Paul Smith fired

Tuesday, 18 April 2017
Paul Smith fired

Paul Smith, the Chief Executive Officer (CEO) of Mineral Development Company Botswana (PTY) LTD (MDCB) has been fired with immediate effect.
MDCB is wholly owned by the Botswana Government. It was formed in August 2015 to help government manage all its mining assets. The company is mandated to provide effective management and optimisation of the government mineral investment portfolio in the mining industry.

Smith’s relationship with almost all the stakeholders and his principals is said to have been wanting. This led to many of them complaining, among them a key stakeholder, De Beers, who is said to have threatened to act if nothing was done. BG News can reveal that Smith received his marching orders via a letter from Minister of Mineral Resources, Green Technology and Energy Security, Advocate Sadique Kebonang on Wednesday. Kebonang’s decision was informed by MDCB board recommendation that Smith should be fired. The board made the resolution at its Monday meeting.
Kebonang confirmed to BG News that he has fired Smith. “The MDCB board had a meeting on Monday and made a recommendation that Smith must be fired which I have acceded to”.

Signs clear
Signs that Smith was not going to last in his lucrative job which is believed to carry a package of between P2 and P3 million per annum have long been visible. Late last year, the board summoned him for a disciplinary hearing where he was asked to show cause why he could not be fired. Kebonang saved him when he asked to hear both parties to try and reconcile them.  Smith’s disciplinary process started with the Board writing a letter and giving him 10 days to respond. It was not clear who constituted the Disciplinary Committee that summoned Smith, but what is clear is that the date of hearing was set for first week of December 2016.By then the Board wanted Smith to go because he had allegedly acted outside the mandate of the Board in some occasions, or disregarded their recommendations. At other times Smith allegedly kept or failed to share vital information with the Board, but instead passed it to higher authorities without approval from the Board. He has allegedly compromised the reputation of the Board in the way he deals with other stakeholders, such as the former BCL Board which he allegedly did not give the best cooperation. Amongst those who were reported to be unhappy is Debswana Board following their series of meetings late last year.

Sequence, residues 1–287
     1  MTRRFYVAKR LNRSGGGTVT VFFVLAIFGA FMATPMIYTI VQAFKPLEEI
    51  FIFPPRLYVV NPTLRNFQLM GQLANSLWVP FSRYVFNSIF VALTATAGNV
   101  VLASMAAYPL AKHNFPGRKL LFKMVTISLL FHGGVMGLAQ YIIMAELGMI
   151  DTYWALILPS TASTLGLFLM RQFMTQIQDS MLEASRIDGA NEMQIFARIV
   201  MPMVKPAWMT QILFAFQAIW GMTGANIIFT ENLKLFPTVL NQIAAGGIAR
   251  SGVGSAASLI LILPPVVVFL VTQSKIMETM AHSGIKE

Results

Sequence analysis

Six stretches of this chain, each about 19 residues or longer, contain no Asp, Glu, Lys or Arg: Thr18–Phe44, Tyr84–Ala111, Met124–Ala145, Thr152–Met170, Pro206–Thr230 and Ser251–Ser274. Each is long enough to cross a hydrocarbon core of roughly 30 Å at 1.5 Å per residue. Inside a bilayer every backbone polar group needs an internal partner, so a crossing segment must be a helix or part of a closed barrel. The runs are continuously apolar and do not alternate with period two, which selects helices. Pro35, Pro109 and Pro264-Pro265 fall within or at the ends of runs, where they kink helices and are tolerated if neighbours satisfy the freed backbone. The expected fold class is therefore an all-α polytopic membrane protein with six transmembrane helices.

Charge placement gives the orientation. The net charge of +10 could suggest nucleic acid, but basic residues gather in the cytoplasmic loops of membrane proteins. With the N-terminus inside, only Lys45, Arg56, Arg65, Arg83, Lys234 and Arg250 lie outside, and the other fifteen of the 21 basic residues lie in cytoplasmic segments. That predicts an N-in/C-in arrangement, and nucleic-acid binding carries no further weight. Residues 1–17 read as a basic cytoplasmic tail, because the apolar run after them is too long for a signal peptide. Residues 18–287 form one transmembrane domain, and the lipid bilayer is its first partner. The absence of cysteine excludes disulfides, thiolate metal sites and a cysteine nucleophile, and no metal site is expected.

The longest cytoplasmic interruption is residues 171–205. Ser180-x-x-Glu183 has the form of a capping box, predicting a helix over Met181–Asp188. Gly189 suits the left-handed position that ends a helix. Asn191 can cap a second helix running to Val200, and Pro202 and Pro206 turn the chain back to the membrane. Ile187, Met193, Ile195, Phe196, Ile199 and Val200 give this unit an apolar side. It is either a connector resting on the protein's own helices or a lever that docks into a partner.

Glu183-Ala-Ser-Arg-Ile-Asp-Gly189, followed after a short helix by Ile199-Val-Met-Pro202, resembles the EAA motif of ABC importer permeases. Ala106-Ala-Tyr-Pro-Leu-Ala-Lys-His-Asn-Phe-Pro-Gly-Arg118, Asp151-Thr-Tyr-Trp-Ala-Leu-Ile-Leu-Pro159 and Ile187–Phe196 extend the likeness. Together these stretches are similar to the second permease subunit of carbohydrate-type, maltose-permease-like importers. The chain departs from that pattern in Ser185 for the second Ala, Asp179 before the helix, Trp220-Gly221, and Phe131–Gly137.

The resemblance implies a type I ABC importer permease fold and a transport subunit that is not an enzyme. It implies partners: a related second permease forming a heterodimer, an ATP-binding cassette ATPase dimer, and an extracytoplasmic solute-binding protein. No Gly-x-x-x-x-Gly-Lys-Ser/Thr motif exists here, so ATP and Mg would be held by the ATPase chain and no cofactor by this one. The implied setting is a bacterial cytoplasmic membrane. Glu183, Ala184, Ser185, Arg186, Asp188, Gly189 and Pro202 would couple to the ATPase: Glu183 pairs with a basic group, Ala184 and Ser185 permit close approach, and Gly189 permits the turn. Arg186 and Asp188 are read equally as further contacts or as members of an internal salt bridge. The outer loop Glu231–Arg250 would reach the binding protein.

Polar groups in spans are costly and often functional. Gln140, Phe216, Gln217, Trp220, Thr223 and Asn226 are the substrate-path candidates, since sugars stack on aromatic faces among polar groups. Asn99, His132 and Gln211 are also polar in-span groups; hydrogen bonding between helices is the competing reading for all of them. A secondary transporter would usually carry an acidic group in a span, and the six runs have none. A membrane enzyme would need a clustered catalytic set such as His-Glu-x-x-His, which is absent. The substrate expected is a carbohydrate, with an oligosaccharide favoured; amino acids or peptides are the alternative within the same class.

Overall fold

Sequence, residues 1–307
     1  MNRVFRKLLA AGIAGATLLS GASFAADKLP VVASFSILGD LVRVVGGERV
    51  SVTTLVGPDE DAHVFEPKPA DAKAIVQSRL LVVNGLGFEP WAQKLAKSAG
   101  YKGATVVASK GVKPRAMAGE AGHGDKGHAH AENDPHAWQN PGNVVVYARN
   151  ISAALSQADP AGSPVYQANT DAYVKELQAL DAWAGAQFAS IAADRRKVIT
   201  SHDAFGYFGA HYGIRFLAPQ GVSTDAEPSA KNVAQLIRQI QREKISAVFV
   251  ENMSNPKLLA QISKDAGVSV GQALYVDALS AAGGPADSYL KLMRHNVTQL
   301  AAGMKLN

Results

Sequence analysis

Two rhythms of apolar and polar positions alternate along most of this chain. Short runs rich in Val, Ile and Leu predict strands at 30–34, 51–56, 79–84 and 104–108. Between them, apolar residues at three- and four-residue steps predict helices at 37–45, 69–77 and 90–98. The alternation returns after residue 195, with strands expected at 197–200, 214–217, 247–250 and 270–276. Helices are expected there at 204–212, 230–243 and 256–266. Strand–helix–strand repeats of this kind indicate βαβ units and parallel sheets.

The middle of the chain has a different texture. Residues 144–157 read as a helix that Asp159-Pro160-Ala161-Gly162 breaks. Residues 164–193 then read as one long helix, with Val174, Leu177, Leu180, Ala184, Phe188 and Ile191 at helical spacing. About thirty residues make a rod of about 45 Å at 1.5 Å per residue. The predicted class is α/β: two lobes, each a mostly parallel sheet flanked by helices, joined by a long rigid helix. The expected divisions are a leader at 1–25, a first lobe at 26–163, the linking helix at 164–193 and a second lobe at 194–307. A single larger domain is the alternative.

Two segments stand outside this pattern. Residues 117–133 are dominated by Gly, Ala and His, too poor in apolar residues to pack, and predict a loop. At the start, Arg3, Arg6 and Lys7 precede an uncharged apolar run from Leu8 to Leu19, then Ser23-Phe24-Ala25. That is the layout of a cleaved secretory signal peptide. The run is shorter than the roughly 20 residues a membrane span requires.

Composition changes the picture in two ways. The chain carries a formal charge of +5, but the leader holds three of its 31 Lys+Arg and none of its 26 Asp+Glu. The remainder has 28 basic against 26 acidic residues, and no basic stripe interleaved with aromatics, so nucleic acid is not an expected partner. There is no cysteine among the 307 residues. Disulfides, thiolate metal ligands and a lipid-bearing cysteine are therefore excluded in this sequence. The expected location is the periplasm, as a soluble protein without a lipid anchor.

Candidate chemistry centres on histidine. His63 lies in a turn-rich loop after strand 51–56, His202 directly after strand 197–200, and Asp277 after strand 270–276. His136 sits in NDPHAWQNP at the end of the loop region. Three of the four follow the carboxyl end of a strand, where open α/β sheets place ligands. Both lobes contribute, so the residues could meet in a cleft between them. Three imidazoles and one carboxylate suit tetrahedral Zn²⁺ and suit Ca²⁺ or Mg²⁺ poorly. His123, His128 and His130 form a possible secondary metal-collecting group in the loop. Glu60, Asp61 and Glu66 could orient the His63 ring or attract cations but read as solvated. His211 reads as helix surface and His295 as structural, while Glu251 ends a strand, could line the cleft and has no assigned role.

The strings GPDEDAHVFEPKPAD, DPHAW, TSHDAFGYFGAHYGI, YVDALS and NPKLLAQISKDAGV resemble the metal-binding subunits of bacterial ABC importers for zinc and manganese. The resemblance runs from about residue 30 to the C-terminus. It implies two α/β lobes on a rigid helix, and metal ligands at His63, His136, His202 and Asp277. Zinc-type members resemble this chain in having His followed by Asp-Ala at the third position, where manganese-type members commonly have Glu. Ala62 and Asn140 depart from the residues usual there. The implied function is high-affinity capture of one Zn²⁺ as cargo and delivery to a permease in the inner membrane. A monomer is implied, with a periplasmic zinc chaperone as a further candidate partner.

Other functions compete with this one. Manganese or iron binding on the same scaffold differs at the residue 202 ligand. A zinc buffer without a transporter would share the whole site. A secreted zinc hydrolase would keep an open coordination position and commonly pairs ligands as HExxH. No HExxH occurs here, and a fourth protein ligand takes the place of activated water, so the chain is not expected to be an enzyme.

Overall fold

The decision
But the decision to fire Smith started to build up when government decided to sell the BCL mine assets to the Emirates Investment House (EIH) of the United Arab Emirates (UAE) following his alleged lack of cooperation and ‘disrespect’ for his employers and key stakeholders at large. He allegedly tried to frustrate Minister Kebonang’s efforts to have the due diligence process on BCL mine done by EIH. That’s when Kebonang put his foot down by ordering Smith to cooperate with the process or face the chop.
Government shares recalled from MDCB

It is said his general conduct led to Minister Kebonang to recall all government shares from MDCB allegedly because many stakeholders were complaining about Smith’s conduct during official meetings.
Reliable sources told BG News that Kebonang wrote letters to all stakeholders amongst them Debswana, Diamond Trading Centre (DTC) Morupule, Soda Ash Botswana, as well as a South African based Company holding government shares on De Beers, informing them about his decision to recall government shares from MDCB.  BG News has it on good authority that the BCL shares were transferred to MDCB just a day before the company was put on provisional liquidation. All along the Ministry of Finance and Economic Development had been refusing to do so advancing reasons that they could only make the transfer once Parliament had sanctioned the move. When Smith took office in February 2016 his immediate task was to work closely with BCL management to oversee a process of streamlining the mine’s operations. By then government and, or MDCB had engaged consultants to see how best to deliver the shares because of cost implications. The first assets to be transferred were Morupule Coal Mine and BCL.

Mokaila and Smith
Smith was appointed by the then Minister of Minerals, Energy and Water Resources, Kitso Mokaila. Briefing Parliament then Mokaila said his ministry has engaged consultants to provide transactional advisory services for the transfer of these assets, which he added was expected to be completed before the end of the second quarter of 2016. He revealed that Debswana Diamond Company owns MCM, a joint venture between De Beers and government.It's said that in due course Smith started to overrule everybody including the board a matter that later led to two seasoned and fierce Batswana administrators - Dr Akolang Tombale and Ms Dora Moremi- resigning their positions from the BCL board as chairman and deputy respectively.
The last person to resign who allegedly could not stand Smith’s attitude is the MDCB board chairperson, Regina Sikalesele-Vaka. Smith’s conduct allegedly brought differences between him and Mokaila, and may have contributed to Mokaila redeployment to the Ministry of Transport and Communications MDCB Head of Corporate Communications Esther Norris, confirmed via a media statement on Wednesday that Sebetlela Sebetlela has been appointed as Caretaker Chief Executive Officer in the interim period.

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